Now that the weather is getting better, it may be your time to start cycling to work. It’s an easy way to fit exercise into your day and it reduces your carbon footprint. But how do you get started? Here are some tips from experienced cycle commuters on how to get started and how to stay safe.
Of course before you start to cycle commute, you’ll need some equipment: a bike (obviously), a helmet and visible clothing. Don’t spend a lot of money on your first bike – check bike stores for second-hand bikes or Craigslist, but be watchful for bike thieves. If the deal seems too good to be true, steer clear or ask for a bill of sale. An honest person would be selling their bike for a decent price and may be able to give you tips to get your started on your commute; expect to spend $200-$300 on a second hand bike.
As well as a bike, you’ll need tools to fix the bike if you have a breakdown on the commute, as well as a spare tube to fit your tires. To hold your equipment and your clothes for work, etc, buy a waterproof side bags or panniers in a bright colour. Again, you may be able to find this second hand.
A NEW helmet is a must (not a second hand one) as are riding gloves. It’s hot in the summer when you are wearing a helmet and nothing is better than the breeze through your hair, but bottom line is you have to protect your head and your hands in case you fall. You’ll have to contend with car drivers and pedestrians that may not see you until the last minute, not to mention your own riding inexperience, so wear a helmet.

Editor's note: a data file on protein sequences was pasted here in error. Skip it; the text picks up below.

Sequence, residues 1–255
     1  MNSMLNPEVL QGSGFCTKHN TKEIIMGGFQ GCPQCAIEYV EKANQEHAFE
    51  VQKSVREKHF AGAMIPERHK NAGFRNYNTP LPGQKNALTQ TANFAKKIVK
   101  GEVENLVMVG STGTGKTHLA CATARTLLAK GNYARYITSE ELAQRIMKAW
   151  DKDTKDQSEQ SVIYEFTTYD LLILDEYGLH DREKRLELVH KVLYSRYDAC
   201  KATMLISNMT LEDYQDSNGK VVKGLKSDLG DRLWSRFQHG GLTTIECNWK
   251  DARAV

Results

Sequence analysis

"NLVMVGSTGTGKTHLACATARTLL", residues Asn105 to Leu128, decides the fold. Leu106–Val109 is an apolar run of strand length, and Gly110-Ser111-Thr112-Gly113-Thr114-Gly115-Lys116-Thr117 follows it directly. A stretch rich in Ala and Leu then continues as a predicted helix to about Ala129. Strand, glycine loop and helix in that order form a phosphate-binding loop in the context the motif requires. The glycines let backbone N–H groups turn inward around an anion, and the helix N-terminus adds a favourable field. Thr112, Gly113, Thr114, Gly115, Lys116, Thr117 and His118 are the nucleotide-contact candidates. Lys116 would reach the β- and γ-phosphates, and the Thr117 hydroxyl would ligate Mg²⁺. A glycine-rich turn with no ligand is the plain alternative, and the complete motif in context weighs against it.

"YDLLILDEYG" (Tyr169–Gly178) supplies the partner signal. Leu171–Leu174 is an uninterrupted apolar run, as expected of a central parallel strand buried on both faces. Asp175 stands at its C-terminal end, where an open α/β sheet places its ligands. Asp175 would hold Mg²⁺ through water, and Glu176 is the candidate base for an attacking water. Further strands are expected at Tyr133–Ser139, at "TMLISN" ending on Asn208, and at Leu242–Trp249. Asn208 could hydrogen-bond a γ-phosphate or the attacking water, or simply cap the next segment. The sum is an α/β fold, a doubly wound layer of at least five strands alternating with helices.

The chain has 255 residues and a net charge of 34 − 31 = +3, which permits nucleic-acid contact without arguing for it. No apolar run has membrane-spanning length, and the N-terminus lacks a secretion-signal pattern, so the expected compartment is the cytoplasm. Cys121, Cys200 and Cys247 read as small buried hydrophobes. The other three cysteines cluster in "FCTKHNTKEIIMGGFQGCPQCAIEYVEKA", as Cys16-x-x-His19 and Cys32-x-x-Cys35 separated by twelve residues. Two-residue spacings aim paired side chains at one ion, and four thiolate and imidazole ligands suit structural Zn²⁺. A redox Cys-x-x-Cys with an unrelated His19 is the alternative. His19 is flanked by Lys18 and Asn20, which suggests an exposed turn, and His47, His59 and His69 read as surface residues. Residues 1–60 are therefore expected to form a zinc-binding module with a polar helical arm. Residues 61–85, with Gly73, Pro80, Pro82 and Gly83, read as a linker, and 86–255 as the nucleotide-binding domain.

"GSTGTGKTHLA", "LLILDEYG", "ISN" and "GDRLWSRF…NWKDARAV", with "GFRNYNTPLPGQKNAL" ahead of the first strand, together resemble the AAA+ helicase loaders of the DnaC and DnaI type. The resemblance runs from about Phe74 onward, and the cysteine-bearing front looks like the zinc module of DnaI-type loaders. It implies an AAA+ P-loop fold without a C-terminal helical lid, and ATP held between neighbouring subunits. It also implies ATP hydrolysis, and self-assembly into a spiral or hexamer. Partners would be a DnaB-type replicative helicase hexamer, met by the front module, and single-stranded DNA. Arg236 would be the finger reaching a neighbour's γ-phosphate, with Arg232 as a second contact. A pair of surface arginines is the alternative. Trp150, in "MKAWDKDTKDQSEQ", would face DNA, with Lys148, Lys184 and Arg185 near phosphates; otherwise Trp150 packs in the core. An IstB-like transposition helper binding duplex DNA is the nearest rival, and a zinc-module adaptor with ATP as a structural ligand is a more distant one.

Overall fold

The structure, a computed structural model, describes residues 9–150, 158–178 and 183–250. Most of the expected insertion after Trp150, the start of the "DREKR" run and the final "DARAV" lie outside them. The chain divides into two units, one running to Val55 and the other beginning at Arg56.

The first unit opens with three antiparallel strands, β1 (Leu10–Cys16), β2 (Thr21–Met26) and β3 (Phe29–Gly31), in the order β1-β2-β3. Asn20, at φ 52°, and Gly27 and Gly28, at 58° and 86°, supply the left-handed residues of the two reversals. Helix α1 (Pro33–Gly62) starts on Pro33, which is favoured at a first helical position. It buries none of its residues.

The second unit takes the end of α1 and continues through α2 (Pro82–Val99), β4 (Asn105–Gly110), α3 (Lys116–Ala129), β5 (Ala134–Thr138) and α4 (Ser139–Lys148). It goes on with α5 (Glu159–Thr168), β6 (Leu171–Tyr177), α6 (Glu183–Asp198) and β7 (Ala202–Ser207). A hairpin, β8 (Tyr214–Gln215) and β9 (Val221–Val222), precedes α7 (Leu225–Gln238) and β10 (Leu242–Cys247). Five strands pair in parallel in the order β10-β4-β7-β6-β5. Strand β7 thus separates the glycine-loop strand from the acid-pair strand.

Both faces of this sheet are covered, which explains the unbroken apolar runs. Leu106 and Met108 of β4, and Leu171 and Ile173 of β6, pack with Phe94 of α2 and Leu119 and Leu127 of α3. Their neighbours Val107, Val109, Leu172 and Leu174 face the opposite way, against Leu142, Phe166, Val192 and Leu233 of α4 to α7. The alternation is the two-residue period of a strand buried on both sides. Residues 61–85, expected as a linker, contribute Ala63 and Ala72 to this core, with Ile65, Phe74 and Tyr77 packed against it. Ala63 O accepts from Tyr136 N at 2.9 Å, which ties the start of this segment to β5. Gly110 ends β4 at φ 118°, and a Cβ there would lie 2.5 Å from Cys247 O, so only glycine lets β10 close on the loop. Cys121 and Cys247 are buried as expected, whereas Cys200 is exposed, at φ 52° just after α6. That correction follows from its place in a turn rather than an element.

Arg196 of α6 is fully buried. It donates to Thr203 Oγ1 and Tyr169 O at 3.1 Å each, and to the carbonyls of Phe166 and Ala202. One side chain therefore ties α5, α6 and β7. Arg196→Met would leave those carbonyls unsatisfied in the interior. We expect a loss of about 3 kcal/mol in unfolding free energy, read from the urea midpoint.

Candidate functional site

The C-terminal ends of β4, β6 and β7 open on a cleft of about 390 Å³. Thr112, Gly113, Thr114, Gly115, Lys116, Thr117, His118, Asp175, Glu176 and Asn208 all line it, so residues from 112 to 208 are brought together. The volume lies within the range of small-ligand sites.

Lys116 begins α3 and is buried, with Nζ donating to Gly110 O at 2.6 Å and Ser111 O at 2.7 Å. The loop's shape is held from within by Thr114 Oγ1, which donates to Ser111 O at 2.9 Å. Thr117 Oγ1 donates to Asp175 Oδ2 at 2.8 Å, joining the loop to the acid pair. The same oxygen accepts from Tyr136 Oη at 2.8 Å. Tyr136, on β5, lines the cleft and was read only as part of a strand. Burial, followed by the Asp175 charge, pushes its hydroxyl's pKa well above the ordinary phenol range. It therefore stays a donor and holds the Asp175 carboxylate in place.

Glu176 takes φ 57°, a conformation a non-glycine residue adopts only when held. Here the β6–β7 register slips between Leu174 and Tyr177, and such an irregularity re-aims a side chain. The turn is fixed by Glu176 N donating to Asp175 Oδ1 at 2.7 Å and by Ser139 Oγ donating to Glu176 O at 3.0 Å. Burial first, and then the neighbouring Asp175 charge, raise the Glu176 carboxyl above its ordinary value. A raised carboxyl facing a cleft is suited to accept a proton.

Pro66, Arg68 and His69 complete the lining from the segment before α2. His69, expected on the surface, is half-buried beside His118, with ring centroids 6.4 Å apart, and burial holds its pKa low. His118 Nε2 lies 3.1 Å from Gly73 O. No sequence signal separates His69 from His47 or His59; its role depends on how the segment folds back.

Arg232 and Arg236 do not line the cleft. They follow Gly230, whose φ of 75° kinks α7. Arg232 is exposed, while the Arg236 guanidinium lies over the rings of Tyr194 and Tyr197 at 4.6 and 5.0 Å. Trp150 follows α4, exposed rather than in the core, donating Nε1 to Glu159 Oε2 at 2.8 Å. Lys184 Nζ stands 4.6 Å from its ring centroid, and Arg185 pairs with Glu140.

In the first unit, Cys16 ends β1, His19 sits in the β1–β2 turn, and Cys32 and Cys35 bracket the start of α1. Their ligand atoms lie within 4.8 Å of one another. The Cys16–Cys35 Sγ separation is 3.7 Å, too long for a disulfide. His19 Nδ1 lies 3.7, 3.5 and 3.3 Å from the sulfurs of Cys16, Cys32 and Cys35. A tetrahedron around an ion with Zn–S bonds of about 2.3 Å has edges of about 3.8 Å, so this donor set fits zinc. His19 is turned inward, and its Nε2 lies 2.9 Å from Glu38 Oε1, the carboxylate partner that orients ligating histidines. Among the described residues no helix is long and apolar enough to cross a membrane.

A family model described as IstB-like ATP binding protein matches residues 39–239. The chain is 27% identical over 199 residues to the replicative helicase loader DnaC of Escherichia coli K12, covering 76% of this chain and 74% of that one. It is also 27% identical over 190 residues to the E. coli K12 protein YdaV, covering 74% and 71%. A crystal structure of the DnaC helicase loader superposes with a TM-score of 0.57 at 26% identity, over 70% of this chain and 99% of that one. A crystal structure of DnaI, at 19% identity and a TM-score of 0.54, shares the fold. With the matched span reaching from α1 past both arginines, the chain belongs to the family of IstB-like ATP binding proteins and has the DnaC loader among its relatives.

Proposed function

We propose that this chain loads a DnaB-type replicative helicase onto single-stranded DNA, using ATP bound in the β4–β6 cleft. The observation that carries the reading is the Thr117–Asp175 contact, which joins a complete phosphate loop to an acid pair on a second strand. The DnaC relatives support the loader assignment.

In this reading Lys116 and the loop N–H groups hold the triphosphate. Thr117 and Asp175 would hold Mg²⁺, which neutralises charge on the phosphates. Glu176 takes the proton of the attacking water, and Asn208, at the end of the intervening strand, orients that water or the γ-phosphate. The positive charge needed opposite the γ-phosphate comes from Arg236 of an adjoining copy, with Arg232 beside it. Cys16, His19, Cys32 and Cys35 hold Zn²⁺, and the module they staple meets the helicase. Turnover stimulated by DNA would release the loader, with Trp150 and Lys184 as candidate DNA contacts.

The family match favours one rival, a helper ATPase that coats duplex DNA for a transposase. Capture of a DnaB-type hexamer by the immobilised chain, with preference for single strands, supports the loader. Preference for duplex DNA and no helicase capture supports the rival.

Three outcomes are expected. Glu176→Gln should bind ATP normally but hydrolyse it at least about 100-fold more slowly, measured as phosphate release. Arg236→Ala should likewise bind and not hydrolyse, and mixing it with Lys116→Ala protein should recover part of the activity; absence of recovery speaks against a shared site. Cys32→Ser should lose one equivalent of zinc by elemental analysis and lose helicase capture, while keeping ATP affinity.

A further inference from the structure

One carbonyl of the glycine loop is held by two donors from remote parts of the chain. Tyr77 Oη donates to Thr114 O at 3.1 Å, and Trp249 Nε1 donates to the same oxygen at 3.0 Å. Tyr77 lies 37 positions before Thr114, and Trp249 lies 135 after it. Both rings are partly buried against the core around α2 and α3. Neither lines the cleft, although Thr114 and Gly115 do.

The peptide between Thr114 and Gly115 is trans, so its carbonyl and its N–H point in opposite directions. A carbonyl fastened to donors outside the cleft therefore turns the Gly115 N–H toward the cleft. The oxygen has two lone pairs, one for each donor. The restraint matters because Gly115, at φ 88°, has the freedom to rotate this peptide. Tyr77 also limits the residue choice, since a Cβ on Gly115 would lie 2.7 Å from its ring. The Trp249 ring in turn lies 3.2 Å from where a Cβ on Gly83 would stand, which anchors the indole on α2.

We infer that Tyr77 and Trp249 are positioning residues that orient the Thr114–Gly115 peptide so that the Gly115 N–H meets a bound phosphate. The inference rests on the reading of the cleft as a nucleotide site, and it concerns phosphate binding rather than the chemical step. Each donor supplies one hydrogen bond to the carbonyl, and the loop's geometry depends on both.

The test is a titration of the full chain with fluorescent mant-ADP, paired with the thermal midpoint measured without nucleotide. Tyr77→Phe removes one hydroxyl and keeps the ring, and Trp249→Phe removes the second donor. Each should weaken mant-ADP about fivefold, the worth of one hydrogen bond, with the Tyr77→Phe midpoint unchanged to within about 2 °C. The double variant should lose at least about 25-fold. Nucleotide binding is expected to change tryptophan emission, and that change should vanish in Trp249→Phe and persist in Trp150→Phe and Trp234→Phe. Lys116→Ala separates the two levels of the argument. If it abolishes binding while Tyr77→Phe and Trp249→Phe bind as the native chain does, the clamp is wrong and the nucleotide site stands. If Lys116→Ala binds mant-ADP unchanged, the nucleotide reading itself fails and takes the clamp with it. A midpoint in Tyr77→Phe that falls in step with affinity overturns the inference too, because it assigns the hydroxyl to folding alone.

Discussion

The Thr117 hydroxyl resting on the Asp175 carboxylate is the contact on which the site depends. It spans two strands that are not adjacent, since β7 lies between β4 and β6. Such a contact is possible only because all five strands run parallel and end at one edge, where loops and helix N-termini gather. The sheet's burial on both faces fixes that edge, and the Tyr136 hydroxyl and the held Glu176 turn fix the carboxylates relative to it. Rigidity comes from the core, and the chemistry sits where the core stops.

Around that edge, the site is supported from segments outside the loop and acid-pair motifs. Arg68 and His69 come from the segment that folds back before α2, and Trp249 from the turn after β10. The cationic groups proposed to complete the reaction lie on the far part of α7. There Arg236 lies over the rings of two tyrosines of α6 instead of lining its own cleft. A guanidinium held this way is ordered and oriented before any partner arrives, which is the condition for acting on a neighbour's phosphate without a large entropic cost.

Visible clothing is also a must. You don’t have to go out and spend a lot of money right away. If the weather is good, a fluorescent t-shirt will do, or just buy a light high-visibility vest for the summer. You may find that you’re only a fair-weather cyclist and once the monsoons come in the Fall, it’s time to park your bike for the winter, so skip the waterproof clothing for now. And you’ll be thankful if you buy a pair of padded cycling shorts – I guarantee it!
Finding a Safe Route
Before you set out for work, do a couple of test runs on the weekend. Bear in mind that the traffic levels will not be the same as during the week. Find a route that is safe and time efficient. Major routes may be time efficient but dangerous. Look up bike routes for your city on the internet.
What do I do with my clothes for work?
Unless you ride for only a few kilometres, you’ll probably have to take a change of clothes with you. Check with your employer to see if there are showers and lockers available for cyclists. You can always drive one day with a week’s worth of work clothing and stash it in a locker or at your desk. Leave your work shoes at work and have another pair at home for days you don’t cycle, as well as your shampoo, etc.
Finally…you’re ready to go!
Start cycling just a couple times a week at the beginning and if you wake up one morning and you’re just not feeling like cycling, then don’t. You should be in it for the long haul, so one day off isn’t going to make a difference.
Not sure? – How about booking a personal training session with a Curtis Trainer to learn about strengthening exercises and stretches that will help you get your body in shape for regular cycling?
Remember that in Vancouver BC, Bike to Work week is May 30-June 7 2016. Check the web for dates in your city.
by Kerri McBeath